In the movie “King Richard,” Will Smith portrays one of professional tennis’s most complicated figures.
By Chris Murray
For the Philadelphia Sunday SUN
The story of Richard Williams, father of the most successful sisterhood duo in the history of tennis and arguably the history of sports, is probably one of the more fascinating stories in American sports in its own right.
Through sheer hustle, determination, and some might say hubris, Williams was determined to turn his daughters Venus and Serena into the tennis superstars they would ultimately become by giving them access to the best coaching and training venues, but only on his terms.
This fascinating story is the basis of the new movie “King Richard.”
Philadelphia’s own Will Smith portrays the man whose focus on creating two well-rounded women who just happen to play tennis led to the creation of a pair of history makers.
Director Reinaldo Marcus Green takes you through the journey of the man who became one of the first inductees into the American Tennis Association’s Hall of Fame for guiding his daughters into tennis greatness.
Smith gives a solid and realistic performance as Williams, embodying his mannerisms, his walk and dialect. You could make a strong argument that this might have been one of Smith’s best performances in a movie in quite some time.
What was really compelling was Smith’s portrayal of Richard Williams dogged drive to groom his little girls into the tennis icons they would ultimately become. Smith also revealed the demanding, loving and sometimes stubborn to a fault family man that he was to Venus and Serena.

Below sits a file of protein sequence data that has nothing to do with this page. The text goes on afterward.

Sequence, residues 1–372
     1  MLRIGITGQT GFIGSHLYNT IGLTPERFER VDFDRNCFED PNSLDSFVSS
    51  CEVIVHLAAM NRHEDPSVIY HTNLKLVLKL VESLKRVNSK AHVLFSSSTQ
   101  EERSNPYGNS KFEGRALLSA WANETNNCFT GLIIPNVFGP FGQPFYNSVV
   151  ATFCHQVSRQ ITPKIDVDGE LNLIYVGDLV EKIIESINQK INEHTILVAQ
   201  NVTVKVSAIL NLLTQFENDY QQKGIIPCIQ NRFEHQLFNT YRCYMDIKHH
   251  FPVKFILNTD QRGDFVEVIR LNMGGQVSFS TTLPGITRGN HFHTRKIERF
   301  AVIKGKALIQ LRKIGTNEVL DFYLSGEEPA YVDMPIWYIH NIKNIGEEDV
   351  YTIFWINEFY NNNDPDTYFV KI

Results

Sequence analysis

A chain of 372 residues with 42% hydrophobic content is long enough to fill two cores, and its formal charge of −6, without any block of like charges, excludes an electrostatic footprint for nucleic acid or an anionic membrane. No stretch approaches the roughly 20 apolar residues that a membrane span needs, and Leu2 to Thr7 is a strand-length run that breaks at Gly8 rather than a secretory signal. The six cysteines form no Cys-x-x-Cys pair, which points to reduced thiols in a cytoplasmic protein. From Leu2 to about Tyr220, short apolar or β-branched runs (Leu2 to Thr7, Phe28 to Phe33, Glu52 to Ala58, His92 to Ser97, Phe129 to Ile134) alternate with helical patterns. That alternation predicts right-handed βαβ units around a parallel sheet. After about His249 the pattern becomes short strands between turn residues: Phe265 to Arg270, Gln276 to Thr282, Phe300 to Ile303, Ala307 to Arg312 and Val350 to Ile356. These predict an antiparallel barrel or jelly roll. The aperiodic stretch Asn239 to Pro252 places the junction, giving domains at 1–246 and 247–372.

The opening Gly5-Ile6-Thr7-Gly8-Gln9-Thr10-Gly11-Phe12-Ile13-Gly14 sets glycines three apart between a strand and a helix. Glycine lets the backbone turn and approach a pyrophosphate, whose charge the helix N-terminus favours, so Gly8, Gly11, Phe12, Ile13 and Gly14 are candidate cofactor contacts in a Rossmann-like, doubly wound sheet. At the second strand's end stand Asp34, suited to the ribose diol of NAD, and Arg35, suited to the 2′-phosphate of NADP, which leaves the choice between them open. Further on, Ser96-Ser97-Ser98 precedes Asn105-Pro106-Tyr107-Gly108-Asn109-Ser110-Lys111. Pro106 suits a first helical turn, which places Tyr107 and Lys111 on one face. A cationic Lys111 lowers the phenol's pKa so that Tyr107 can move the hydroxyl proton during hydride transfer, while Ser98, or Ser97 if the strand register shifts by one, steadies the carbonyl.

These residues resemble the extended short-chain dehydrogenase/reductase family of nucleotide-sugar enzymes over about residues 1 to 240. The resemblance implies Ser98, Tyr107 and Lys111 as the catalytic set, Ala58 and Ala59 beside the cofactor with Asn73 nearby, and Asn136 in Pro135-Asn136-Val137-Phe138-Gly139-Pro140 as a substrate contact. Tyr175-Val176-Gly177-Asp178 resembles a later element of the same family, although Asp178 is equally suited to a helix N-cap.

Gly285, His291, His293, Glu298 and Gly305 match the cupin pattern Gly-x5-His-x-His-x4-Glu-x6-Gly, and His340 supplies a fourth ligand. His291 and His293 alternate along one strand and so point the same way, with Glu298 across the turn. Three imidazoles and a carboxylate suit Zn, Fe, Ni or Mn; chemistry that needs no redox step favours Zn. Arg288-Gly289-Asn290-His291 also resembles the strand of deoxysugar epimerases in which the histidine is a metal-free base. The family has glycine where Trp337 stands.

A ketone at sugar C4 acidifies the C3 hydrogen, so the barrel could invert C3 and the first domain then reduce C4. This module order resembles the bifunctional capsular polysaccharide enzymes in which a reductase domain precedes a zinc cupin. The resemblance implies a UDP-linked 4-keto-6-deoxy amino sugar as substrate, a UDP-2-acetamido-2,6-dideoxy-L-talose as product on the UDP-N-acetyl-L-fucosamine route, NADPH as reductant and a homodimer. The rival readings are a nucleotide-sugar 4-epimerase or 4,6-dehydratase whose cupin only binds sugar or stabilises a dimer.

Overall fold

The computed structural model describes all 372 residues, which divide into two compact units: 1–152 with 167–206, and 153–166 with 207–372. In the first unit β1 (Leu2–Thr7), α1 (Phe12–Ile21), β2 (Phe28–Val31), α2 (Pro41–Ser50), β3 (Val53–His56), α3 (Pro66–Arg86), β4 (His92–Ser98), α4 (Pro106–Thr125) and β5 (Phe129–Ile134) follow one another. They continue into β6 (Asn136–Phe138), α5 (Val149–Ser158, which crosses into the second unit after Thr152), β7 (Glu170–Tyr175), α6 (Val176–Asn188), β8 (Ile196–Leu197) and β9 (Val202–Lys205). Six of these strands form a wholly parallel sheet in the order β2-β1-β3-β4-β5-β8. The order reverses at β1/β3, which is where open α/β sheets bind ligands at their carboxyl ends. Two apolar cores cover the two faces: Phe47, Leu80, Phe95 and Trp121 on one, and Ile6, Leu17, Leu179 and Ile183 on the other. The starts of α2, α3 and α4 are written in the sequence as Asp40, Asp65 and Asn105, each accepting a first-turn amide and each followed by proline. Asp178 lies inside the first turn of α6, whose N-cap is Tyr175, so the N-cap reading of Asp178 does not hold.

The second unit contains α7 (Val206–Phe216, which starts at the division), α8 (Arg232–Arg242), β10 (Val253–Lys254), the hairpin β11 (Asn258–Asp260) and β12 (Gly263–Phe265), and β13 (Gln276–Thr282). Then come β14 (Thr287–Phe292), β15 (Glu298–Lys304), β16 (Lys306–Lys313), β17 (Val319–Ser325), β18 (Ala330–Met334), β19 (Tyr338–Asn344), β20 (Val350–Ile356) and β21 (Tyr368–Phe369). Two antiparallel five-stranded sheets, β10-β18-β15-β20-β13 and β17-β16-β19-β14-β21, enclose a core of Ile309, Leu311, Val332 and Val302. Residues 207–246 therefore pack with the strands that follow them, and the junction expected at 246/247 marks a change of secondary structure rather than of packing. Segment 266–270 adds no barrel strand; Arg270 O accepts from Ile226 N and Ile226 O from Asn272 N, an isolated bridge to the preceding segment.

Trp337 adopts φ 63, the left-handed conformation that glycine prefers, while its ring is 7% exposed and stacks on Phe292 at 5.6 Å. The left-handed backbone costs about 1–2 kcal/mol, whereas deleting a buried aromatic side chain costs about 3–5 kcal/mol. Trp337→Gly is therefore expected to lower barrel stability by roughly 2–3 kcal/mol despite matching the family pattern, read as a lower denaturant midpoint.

One of the more compelling scenes in the film was a scene that was based on a true account was when Venus (played by Saniyya Sidney) and Serena (played by Demi Singleton) were in a country club and attempted to order hamburgers at country club and put them on a tab. Richard Williams stopped them because he didn’t want his daughters to have a sense of entitlement.
The film also captured the controversy surrounding Richard Williams’ stubborn refusal to let his girls play on the junior tennis circuit for fear that they would end up burned out from the sport the way that three-time grand-slam winner Jennifer Capriati did early in her career.
Unlike most sports films, there isn’t the dramatic win of the young stars who came from that “rags to riches” story. The main climax of the film was Venus Williams stirring 1994 loss in three sets to 14-time grand-slam winner Arantxa Sanchez-Vacario, who was the no. 1 player in the world at the time.
It was one of the first sports films that I’ve seen that doesn’t have the often-cliched player hitting game-winning home run to save the day for the protagonist. In “King Richard,” Venus Williams’ loss to Sanchez-Vicario was important because it was the first match that reflected that the Williams sisters were on the rise.
A more underrated performance in the film that is worth noting was that of Aunjanue Ellis who played Oracine “Brandi” Williams. Ellis did a good job of being the strong-willed wife of Richard Williams who made sure that the Williams sisters weren’t’ pushed too hard by their father.
The film does have its flaws, because it was a bit too long and it dragged at times, but the story of Richard Williams through the acting of Smith can help you get through those lull periods of the film.
Overall, it was a solid film about an African American father who stayed with his children and guided them to the dream of a lifetime.
“King Richard” premieres in theaters and on HBO MAX next Friday.
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